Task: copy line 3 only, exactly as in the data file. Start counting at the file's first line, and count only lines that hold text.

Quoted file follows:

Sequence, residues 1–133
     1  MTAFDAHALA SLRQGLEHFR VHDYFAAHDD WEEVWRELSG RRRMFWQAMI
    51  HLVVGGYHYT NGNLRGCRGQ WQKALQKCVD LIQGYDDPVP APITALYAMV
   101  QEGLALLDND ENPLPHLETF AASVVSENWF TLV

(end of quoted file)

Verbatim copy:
    51  HLVVGGYHYT NGNLRGCRGQ WQKALQKCVD LIQGYDDPVP APITALYAMV